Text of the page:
But if the majority opinion was not that the earth was flat, how did the fictional version become the non-fiction truth taught in schools and schoolbooks as of the early 1860’s?
Russell says the flat-earth mythology flourished mostly between 1870 and 1920, and grew in a environment with an emerging acceptance of evolution. He says the flat-earth myth was an ideal way to dismiss the ideas of religion in the name of modern science.
The fundamental reason for promoting the lie about a flat earth was to defend Darwinism and provide ammunition against the creationists. The argument was simple and powerful: “Look how stupid these Christians are. They are always getting in the way of science and progress. These people who deny evolution today are exactly the same sort of people as the idiots who denied that the earth was round. How stupid can you be?”
So not only is the earth not flat, it has never been the popular view that it was! We might say the liberal media of the 1800s spun the truth to make Christians look stupid for teaching a flat earth and make evolutionists look smart. But the idea of a flat world is a lie. And the idea that everyone thought the earth was flat is an even bigger lie.
But this is not a series on the geometry of the earth. The major lesson from flat-earth beliefs is how well-spun myths mislead and how easily they blind one to contrary evidence. Embedded lies are major obstacles to the truth.
And there is a parallel myth running rampant in the church today; dangerous lies propagated by parents, spread by many youth pastors, defended by educators, and swallowed by young people themselves. The presuppositions of our generation about teenagers have become a story–a way we talk about life, and this story is a myth called adolescence.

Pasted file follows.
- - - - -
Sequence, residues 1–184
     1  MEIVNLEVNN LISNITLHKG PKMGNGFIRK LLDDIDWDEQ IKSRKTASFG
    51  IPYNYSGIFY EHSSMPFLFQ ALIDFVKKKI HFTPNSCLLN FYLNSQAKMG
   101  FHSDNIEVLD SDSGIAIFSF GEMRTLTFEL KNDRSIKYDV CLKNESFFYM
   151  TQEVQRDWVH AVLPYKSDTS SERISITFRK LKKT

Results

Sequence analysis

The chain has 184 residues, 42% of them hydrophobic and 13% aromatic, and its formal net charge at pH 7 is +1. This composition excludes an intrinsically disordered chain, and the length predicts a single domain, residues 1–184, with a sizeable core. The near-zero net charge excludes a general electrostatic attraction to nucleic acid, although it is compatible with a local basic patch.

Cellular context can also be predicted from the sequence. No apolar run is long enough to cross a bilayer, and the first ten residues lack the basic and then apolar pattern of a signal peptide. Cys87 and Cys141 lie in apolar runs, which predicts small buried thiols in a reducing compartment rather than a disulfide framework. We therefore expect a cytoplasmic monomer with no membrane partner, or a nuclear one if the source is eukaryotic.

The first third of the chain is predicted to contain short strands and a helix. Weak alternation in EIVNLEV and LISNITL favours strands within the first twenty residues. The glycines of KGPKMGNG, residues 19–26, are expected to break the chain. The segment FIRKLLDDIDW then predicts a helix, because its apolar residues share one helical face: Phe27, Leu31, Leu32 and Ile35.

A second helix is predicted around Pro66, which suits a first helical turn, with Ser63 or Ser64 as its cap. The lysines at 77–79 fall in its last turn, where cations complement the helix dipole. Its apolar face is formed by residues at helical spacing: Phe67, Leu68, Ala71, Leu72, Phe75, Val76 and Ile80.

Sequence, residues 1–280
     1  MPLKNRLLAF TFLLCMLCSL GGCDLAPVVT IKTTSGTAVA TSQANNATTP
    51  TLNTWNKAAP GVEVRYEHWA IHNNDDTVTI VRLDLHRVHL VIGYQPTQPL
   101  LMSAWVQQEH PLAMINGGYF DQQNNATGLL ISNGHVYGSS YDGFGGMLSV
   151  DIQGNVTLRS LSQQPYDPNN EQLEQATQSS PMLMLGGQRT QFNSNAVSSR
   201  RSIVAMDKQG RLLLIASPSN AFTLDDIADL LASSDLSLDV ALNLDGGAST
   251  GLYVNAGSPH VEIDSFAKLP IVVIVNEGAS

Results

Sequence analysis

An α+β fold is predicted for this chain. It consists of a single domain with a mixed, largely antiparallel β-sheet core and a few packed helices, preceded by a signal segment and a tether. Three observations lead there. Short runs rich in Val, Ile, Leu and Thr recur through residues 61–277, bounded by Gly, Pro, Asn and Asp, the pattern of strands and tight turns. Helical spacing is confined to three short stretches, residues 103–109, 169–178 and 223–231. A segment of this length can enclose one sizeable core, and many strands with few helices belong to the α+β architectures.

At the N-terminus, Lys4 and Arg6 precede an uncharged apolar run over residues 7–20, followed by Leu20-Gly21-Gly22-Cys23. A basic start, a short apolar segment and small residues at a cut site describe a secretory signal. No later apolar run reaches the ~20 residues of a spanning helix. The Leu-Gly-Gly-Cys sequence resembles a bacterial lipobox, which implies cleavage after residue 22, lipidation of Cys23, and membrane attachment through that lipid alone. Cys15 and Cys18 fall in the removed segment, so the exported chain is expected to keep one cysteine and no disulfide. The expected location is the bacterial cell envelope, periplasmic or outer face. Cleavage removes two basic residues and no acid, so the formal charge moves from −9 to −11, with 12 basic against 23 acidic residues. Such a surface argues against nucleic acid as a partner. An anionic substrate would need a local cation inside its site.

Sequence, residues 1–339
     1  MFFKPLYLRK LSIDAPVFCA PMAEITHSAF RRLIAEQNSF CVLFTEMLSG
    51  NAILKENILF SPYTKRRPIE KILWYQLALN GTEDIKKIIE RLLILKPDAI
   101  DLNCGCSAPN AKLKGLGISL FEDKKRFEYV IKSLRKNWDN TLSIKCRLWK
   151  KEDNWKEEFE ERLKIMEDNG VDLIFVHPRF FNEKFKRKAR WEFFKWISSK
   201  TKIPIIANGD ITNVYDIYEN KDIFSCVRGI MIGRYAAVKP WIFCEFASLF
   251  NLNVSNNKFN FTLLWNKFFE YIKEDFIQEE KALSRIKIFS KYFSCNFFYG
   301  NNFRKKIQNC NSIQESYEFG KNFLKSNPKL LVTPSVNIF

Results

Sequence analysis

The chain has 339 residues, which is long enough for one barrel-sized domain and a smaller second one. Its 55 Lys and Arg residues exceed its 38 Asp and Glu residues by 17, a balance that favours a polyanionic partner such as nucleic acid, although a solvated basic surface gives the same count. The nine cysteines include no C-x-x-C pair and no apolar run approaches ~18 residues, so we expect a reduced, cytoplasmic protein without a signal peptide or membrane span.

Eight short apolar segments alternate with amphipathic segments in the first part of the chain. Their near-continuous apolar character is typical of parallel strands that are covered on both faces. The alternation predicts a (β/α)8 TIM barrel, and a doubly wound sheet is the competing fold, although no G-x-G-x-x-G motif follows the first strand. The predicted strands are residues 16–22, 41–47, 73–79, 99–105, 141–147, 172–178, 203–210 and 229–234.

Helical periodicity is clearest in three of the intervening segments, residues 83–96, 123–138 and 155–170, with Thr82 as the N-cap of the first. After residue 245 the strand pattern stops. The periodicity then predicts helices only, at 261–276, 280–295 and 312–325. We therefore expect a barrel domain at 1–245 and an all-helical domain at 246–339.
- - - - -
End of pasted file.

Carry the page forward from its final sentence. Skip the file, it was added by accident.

The lies depict teenagers as helplessly incompetent, irresponsible, and in a perpetual identity crisis. Young people are portrayed only as problems waiting to happen, they are guaranteed to be rebellious, and always at the mercy of their hormones. Belief in these lies has become so commonplace that hardly anyone questions the reality or legitimacy of adolescence, resulting in an inability or unwillingness to hold teenagers responsible for what they do. This has produced widespread confusion among adolescents themselves and frustration for authorities.
Let me be clear as clear as possible, the popular idea of adolescence is not true and it is painfully unbiblical. Adolescence is not a fact–just like the earth is not flat. It is equally wrong to think that everyone has always recognized adolescence as a fact–just as everyone has not always believed that the earth is flat.